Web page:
The last leg of this winter has been exceptionally brutal in Paris and the surrounding areas. Several severe storms and torrential showers pounded the city throughout January, which caused the water levels of the Seine and the Marne rivers to overflow. We also saw very little relief from the thick shrouds of gray gloom that blanketed the skies all month. The sun only made a handful of rare appearances that were so fleeting that if you blinked, you likely missed it.
Nonetheless, I didn’t let the rain and puddles keep me indoors. I forced myself to get out of my pjs and to explore corners of Paris that I had never been to before. I took in the arts, wandered neighborhoods that I don’t often frequent, polished off heaps of pastries and dined at eateries that have been on my ever-growing list of must-try restaurants for ages.
Once February rolled around though, we saw an extreme swing in temperatures accompanied by buckets of snow over the last couple of days. As messy as the icy sludge is, the pristinely white snow cloaking the city is a welcome change of scenery that has brightened not only the landscape, but also everyone’s mood. I did brave the chill this week to frolic in the snow and to snap some photos of my neighborhood, but I’ve been less inclined to leave my toasty cocoon as the mercury started to dip below 0°C.
While nesting and avoiding the cold, I’ve been immersing myself in books that have reignited my obsession with the written word. Though I’ve been revelling in the magic of books from the moment that I was able to make sense of letters strung together to form words, I must admit that I’ve been reading fewer books as the internet and social media increasingly intrude into our lives. My nightly ritual of reading before bed was eventually replaced by mindlessly surfing the net on my ipad. But, I’ve started to reclaim my reading habit and find myself absorbed by some fascinating books before snoozing lately.
I finished Joan Didion’s The Year of Magical Thinking earlier this week and I’m still digesting her thoughts. I actually didn’t know anything about this book before reading it and had thought that it would be something similar to Elizabeth Gilbert’s Big Magic (I know, totally ridiculous!). Instead, it was about some seriously heavy stuff–a poignantly raw meditation on grief and mourning as she tried to make sense of the sudden loss of her husband during the year following his death.
Reading about how she grappled with the sudden void in her life made me reflect on my own family’s loss. Being too young at the time, I didn’t truly grasp what our loss meant and its indelible impact on the rest of our lives. My brother and I just sort of carried on with our lives because we were just kids. But for my mom, I can’t even begin to imagine what it was like for her as she tried to fill the empty void left behind by my dad when he didn’t come home from work one day.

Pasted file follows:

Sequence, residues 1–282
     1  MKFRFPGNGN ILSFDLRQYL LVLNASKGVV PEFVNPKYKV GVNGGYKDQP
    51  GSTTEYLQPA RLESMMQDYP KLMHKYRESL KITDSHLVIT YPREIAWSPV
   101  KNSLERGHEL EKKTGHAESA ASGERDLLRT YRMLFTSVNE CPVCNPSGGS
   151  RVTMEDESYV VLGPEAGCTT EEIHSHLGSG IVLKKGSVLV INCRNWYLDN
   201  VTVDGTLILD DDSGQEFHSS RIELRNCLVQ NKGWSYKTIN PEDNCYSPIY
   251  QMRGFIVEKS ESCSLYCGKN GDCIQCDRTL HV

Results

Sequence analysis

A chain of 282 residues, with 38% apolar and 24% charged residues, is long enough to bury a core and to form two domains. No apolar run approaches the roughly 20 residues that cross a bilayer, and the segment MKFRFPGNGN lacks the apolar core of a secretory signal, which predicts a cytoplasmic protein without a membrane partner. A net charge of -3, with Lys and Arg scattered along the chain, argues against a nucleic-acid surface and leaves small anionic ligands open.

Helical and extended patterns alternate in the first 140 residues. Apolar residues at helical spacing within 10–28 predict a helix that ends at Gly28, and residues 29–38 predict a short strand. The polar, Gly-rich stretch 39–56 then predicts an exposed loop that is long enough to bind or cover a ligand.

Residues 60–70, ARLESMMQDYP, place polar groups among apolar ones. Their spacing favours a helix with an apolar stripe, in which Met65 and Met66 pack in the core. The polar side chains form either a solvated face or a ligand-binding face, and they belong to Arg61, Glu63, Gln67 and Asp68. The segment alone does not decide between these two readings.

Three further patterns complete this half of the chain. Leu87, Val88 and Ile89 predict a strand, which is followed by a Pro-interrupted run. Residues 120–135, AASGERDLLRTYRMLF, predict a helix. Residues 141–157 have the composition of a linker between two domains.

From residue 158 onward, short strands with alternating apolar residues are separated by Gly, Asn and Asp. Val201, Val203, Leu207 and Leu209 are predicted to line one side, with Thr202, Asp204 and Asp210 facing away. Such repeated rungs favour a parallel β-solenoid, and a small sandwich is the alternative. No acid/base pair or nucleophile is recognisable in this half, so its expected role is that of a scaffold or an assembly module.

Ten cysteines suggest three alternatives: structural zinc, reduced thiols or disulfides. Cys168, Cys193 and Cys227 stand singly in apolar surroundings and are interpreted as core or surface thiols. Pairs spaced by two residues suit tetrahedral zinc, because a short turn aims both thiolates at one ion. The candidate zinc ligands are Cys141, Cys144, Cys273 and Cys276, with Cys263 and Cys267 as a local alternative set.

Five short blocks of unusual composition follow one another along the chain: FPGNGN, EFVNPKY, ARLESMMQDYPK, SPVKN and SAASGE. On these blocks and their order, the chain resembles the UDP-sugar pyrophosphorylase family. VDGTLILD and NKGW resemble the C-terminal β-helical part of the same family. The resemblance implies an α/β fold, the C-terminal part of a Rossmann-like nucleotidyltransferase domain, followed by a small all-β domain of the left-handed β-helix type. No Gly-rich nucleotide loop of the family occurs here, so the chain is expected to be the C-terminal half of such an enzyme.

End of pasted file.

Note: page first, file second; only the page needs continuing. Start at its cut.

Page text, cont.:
Aside from unwittingly reading such a somber book, I’ve also been seeking comfort in tried and true dishes that require little effort to throw together. One of the dishes that my grandma had taught me how to make before I moved to Texas was sườn ram (caramelized pork ribs). Worried that I wouldn’t know how to feed myself, she walked me through the cooking step-by-step to show me how quick and easy it is to make everyday Vietnamese dishes. She even sent me off to Austin with a jar of nước màu (Vietnamese caramel sauce) that she had made for me. I find it funny that my mom and her sisters never learned how to make this caramel sauce, because my grandma had always made jars of it for them. I have since learned how to make it myself after she passed away, and always have a jar of it in my kitchen, just as she did (I’ll share the recipe in a future post).
My version of these caramelized ribs differ slightly from my grandma’s in that they don’t have any added minced lemongrass nor chili peppers. I instead add chopped green scallions in their place. I’ve noticed that a few recipes out there include fish sauce, but my family’s version of this savory, slightly sweet dish doesn’t include any. As the liquid reduces, the homemade nước màu sauce gives the ribs a glistening amber color while they are still warm. However, as the ribs start to cool, they lose a bit of that brilliance, but the flavor is still fabulous!
Vietnamese Caramelized Pork Ribs
Makes 3-4 servings
750 g pork ribs, cut into 4x3cm
2 shallots, finely diced
3 cloves garlic, minced
2-3 green onions
1 tsp + ½ tsp salt (+/- to taste)
1 tsp + 1 tsp sugar
¼ tsp ground black pepper
2 tbsp nước màu
1 tbsp cooking oil
Season ribs with 1 tsp salt, 1 tsp sugar and black pepper. Set aside.
Chop white end of green onions into 4 cm long pieces and then slice those pieces lengthwise. Finely chop the remaining green parts of the onions.
Heat cooking oil over medium-high heat in a sauté pan. Add the diced shallots and minced garlic, sautéing until fragrant. Then, add the seasoned ribs and stir continuously.
Once ribs are browned, add 1 tsp sugar and the nước màu caramel sauce. Give it a stir to thoroughly combine. Then, add enough water so that it is level with the ribs. Turn the heat down to medium, and occasionally turn the ribs to ensure even cooking and coloring on all sides.
After most of the liquid has reduced, add the chopped green onions, stirring to distribute evenly.
Serve with steamed white rice.
For a pretty printable version of recipe, click here.
Bonne dégustation & thanks for reading!